Before traveling to Jakarta

Jakarta is the capital city of Indonesia with 10 million residents. Like major US cities, it is a melting pot. It is chaotic–just as most emerging economies. And in about two months I will be in making my way back to Southeast Asia, where one of my stops will be Jakarta.

I will be visiting a few Southeast Asian countries. However, my stay in Jakarta will be different than the other destinations.

In Jakarta I plan on spending 2-3 weeks volunteering at a children’s center. Therefore I will not be stationed in an expat hub like Kemang— filled with foreigners, yoga studios and nightlife. I will be on city’s the outskirts. I will be staying at the center; basically a school for local, impoverished children.

After perusing the internet I am both relieved and still a tad nervous about my trip. Relieved because some information I came across was very reassuring about the city. But, on the other hand, some articles I stumbled upon were not so reassuring.

Nevertheless, here is a compiled list of the 9 things to know before traveling to Jakarta.

Be careful during the flood season

Aka “Banjir” which goes from December to April. (Oh great — during the time I am scheduled to arrive!) Especially in lower parts of the city, flooding is quiet prevalent. Even more so in areas nearby rivers.

Before traveling to Jakarta, know there is a flood season.

Public transit is unreliable and infrequent

Buses and trains are not the ideal way to get around. Expats who live in Jakarta normally have drivers. Luckily, taxi’s are common; but it could be problematic catching one during rush hour. (7:00 a.m. – 9:00 a.m. and 4:00 p.m. – 6:00 p.m.)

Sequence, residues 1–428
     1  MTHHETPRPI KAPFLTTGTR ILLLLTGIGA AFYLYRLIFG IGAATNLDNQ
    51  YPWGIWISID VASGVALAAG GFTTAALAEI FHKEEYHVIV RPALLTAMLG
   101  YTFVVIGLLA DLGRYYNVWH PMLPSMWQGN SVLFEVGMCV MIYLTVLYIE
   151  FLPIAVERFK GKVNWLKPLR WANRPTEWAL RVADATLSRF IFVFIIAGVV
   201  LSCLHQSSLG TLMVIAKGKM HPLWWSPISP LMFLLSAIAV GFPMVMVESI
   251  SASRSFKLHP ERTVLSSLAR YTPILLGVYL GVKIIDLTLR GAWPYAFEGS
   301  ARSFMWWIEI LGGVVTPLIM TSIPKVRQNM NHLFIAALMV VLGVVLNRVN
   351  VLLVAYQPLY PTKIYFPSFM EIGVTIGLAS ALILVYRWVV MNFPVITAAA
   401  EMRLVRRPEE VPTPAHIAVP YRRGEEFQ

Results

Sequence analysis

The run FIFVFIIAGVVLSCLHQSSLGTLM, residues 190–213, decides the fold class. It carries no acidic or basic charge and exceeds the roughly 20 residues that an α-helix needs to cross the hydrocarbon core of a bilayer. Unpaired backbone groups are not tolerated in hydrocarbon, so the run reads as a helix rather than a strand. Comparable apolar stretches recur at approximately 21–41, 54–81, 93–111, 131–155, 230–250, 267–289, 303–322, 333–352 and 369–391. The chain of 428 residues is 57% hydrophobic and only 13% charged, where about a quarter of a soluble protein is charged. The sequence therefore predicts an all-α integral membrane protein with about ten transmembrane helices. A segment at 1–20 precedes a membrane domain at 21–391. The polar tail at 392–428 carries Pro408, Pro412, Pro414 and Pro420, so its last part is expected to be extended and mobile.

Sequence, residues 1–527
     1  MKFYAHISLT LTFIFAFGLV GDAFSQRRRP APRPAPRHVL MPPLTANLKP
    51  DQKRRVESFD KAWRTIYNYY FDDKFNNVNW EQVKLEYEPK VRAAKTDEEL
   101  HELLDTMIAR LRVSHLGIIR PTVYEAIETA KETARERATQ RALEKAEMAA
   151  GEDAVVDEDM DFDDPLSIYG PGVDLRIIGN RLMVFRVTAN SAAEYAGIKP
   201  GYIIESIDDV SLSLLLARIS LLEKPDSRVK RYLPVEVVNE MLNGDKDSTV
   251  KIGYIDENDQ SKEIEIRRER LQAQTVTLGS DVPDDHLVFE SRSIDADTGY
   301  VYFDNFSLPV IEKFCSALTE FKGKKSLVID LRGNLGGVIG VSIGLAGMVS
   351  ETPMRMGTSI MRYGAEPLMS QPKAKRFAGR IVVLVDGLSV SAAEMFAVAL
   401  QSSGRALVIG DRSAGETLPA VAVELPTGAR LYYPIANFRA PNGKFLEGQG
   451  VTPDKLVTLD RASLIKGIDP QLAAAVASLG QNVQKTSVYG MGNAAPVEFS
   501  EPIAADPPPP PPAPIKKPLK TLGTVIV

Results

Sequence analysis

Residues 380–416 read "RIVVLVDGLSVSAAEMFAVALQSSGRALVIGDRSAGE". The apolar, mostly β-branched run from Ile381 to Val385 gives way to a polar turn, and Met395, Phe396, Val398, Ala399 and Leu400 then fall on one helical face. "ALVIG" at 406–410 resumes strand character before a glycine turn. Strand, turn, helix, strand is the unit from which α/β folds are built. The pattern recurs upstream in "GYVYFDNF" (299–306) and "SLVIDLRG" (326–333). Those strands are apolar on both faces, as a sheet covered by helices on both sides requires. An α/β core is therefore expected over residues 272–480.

Watch out for taxi scams

There are a few different taxi companies Jakarta. It is usually best practice to stick with the higher end Silverbird taxi line (Mercedes Benz vehicles) to avoid being taken “the scenic route.”

Motorcycle taxi’s are not legal

But they do exist illegally. After my experience in Viet Nam where I had my phone stolen by one of these “off the record” motor-taxi’s– never again. Sure for the native Indonesian hitching a motorbike ride to work may be well and good. But for the foreigner, it is a perfect way to be caught in scam.

Be careful with your belongings…

But from what I read frequent travelers had more problems in places like Barcelona than Jakarta. Like anywhere, be aware of your surroundings. And if you decide to make way to a more impoverished area, or simply a busy mall, don’t carry a designer bag and wear a diamond necklace. No need to make yourself a prime target.

On the whole, Jakarta is pretty safe

At least according to this great expat blogger who lives in Jakarta. According to her, she has never felt any imminent threat while living there. And it is not only her living in the city; she has a family, too. (Which makes me relieved as far as safety concerns go.)

Traffic is horrendous

I don’t think there could be any guide/overview of Jakarta without mentioning the horrific traffic. In fact, one of the biggest dangers may be crossing a busy intersection. Apparently it makes Bangkok look like rush hour in the middle of Nebraska.

Beware of Traffic Jams in Jakarta

Don’t drink the tap water… period

Even if there is a filter, like they have at many upscale hotels. Avoid it. This rule basically applies throughout Southeast Asia.

Stay away from drugs

As this Canadian advises about visiting Jakarta:

“Drugs there are a big no-no. No matter how big the bribe [to the police], they will put you away for a very long time. That is the one thing they, even the corrupt cops, will not look the other way for.”

Beforehand he mentioned that bribing officials/police was commonplace. And typically accepted. However, I guess not when it comes to getting out of arrest for illegal substance use. I think “stay away from drugs” is a good tip. You know, not just when traveling, but in life.

Image credits: 

– Skyline – Flickr

– Flooding – Flickr

– Traffic Flickr

 

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